Are Flexible Work Arrangements The New Normal?

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The COVID-19 pandemic has forced many people to work from home, at least temporarily. And with many employers still hesitant to reopen their offices until a coronavirus vaccine becomes available, flexible work arrangements are now becoming a permanent option.

Tech giants Amazon and Google have announced that they will be allowing their employees to work from home for the rest of the year. Facebook CEO Mark Zuckerberg said that he expects half of his employees to work remotely for the next five to ten years, while Twitter CEO Jack Dorsey told staff in an email that they can continue working from home “forever” if they wish to do so.

Some companies, meanwhile, are pushing for shorter workweeks.

In 2019, Microsoft Japan tested out a four-day workweek to great success, resulting in a 40% boost in productivity. As its offices start to reopen, the company now has in place what it calls a “hybrid workplace strategy.” Working from home also remains an option for most employees until October of 2020, according to a company spokesperson.

This massive shift towards working remotely and spending less time in the office is now causing companies like Mastercard to consider consolidating offices to save on costs. Facebook, meanwhile, has plans to open working “hubs” in places like Denver, Dallas, and Atlanta, and will focus on finding new hires in areas close to its existing offices, zeroing in on places like Portland, Philadelphia, and Pittsburgh.

Though flexible working isn’t exactly a new concept, the pandemic has led to a surge in the number of people experiencing its benefits firsthand. It has also earned global praise from human resources experts and government officials in recent months.

Alin Abraham, a consultant based in Singapore, said that flexible working would provide improved work-life balance for those who need it the most, including part-time students and people looking after young children or the elderly.

In May of 2020, New Zealand Prime Minister Jacinda Ardern proposed having shorter workweeks to boost domestic tourism post-pandemic and to address work-life balance issues.

In California, Supervisor Cindy Chavez of Santa Clara County said that working from home is an aspect of social distancing that she wants to transition into the post-COVID-19 world. Chavez believes this move will maintain productivity and reduce our climate impact.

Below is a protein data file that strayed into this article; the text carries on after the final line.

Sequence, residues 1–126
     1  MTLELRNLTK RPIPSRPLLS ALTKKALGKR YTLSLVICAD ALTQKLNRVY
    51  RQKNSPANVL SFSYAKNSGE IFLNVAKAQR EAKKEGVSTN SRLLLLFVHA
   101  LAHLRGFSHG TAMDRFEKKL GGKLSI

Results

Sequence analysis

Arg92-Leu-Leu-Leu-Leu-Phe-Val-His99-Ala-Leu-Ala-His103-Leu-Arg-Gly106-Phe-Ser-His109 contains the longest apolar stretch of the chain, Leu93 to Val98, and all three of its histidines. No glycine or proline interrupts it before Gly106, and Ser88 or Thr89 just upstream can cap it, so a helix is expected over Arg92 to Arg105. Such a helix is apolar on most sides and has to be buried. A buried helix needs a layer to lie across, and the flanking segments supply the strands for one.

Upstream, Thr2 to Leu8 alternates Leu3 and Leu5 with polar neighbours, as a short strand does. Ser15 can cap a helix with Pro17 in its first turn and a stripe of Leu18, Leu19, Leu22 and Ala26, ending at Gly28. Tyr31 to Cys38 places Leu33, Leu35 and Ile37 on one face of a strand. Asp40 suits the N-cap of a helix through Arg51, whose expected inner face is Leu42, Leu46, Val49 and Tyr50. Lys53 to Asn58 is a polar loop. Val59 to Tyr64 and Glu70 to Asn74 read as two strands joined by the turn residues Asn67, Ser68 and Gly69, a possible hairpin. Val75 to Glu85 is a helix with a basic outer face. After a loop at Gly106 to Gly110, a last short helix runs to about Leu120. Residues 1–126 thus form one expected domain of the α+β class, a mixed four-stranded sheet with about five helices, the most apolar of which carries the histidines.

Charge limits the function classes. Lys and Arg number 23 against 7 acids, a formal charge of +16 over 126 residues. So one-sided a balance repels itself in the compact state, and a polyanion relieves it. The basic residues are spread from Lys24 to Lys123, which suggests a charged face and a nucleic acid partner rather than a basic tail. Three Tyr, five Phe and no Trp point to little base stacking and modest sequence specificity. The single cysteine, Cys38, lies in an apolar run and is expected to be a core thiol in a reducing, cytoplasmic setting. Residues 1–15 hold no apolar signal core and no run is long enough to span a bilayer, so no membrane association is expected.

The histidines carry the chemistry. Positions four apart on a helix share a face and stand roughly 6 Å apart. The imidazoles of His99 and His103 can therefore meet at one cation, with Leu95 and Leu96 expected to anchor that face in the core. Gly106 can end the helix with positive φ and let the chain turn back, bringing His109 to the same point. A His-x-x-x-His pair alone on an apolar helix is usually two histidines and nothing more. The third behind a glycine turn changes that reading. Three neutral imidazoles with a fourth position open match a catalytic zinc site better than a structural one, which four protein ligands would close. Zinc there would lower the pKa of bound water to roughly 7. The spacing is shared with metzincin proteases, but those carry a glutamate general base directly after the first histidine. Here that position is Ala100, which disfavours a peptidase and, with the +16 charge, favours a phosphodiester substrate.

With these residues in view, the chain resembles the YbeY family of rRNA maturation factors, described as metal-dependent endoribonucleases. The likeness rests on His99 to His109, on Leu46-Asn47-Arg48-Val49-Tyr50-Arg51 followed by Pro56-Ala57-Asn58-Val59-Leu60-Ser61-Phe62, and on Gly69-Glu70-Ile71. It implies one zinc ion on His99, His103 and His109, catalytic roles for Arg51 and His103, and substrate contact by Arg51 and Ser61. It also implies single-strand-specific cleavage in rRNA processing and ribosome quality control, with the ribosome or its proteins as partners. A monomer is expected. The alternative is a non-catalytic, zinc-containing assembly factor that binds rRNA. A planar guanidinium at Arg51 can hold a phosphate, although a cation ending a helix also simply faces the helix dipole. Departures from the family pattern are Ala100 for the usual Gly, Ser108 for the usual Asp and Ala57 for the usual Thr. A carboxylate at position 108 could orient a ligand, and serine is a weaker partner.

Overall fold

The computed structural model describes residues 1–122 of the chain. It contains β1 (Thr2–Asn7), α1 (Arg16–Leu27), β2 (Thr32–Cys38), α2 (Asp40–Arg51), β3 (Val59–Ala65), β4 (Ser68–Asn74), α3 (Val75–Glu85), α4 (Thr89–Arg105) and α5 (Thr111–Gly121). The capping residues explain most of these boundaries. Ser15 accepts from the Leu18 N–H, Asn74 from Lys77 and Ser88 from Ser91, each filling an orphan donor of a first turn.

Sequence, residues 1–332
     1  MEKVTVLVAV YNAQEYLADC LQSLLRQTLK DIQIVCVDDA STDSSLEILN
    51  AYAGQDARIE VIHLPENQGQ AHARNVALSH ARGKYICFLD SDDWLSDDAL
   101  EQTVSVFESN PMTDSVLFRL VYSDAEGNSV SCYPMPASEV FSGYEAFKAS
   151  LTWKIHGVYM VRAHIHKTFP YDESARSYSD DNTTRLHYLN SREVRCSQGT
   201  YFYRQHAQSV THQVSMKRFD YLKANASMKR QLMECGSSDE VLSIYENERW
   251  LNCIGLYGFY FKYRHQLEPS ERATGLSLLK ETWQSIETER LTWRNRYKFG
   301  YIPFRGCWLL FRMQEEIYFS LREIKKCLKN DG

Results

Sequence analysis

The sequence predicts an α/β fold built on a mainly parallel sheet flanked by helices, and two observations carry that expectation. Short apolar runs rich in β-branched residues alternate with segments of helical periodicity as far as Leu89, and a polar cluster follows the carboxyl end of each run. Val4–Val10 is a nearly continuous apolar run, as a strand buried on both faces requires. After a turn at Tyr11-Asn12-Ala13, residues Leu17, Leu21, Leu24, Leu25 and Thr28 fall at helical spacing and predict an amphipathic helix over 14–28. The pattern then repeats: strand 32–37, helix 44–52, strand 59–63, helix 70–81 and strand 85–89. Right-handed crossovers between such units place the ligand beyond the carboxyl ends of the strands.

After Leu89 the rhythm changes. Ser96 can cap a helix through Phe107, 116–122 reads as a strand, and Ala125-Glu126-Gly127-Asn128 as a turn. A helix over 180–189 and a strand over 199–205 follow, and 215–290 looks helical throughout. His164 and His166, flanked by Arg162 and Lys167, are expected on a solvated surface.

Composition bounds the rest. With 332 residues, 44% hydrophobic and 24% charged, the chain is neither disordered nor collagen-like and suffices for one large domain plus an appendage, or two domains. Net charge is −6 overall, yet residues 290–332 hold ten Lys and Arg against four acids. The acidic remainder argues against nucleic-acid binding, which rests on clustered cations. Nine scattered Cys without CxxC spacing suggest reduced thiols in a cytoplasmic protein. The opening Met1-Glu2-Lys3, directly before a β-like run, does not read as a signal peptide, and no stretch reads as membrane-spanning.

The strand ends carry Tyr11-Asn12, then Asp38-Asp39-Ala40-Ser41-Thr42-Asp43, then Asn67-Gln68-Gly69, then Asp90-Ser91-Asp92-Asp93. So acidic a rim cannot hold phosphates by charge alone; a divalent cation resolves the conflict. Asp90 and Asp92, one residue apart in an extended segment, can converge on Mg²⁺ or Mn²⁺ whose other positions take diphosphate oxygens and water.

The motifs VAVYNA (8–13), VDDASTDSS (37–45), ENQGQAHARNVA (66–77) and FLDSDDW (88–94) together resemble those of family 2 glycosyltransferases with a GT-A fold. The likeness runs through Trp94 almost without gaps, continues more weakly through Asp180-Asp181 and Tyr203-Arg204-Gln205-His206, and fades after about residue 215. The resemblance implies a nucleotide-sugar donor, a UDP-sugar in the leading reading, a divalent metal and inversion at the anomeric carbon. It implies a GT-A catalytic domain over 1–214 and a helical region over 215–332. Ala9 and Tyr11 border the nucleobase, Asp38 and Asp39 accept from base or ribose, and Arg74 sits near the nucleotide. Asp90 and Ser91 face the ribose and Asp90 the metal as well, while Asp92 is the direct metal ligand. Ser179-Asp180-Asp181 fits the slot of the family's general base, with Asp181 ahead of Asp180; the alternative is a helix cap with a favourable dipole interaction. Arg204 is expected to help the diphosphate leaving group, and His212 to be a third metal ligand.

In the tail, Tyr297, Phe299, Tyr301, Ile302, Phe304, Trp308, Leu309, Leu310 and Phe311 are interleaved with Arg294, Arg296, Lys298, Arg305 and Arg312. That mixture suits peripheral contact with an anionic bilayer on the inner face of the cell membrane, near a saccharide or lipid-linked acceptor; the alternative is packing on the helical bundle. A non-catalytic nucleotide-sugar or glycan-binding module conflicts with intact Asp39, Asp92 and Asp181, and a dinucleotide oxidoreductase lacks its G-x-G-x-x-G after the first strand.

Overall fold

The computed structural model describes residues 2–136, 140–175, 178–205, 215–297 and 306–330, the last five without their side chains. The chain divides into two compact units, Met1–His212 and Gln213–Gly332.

According to Chavez, CO2 emissions across the San Francisco Bay Area fell by 32% during the first seven weeks of the COVID-19 crisis in March.

In July of 2020, Chavez and the Bay Area Air Quality Management District board (BAAQMD) asked employers to sign the “Cut the Commute” pledge to maintain the progress of the Bay Area’s air quality, even after shelter-in-place orders are eased. Employers who sign the pledge must commit to having around 25 percent of their staff work from home where possible. Employers must also have a work-from-home policy as part of their employee benefits package.

Santa Clara County, with around 22,000 employees across its different departments, was among the first to sign the pledge.

One of the early signees was Eric Thornburg, president and CEO of the San Jose Water Company. Thornburg said that getting 200 of his employees to work from home for five days each month would result in a reduction of around 30,000 commuter miles per month, equivalent to around 12 metric tons of carbon dioxide.

Rod Sinks, chairman of BAAQMD, said the pledge would also be able to address other crises affecting the Bay Area, like housing and transit.

It’s estimated that at least 100,000 workers in the Bay Area drive more than three hours to and from work every day as more people are left with no choice but to live in distant places where housing is cheaper. According to Sinks, keeping these people off the roads is an element of equity while transit is being developed.

Anna Jensen, a software engineer at Flipboard, said that working from home has spared her from her usual two-hour trek from her home in Downtown San Jose to Redwood City, giving her more time for other tasks like studying for her online MBA program.

While having a flexible working arrangement isn’t possible for frontline and service workers, Jensen believes this could be an open door for employers to reimagine how work looks, feels, and functions.

According to HR consultant Emily Draycott-Jones, the COVID-19 pandemic has helped employers move away from the traditional thinking that productivity is tied to the number of hours spent in an office environment.

With remote work tools like Slack and Trello, and video-conferencing platforms like Zoom and Google Meet becoming increasingly popular, working from anywhere and at any time has certainly become a lot easier.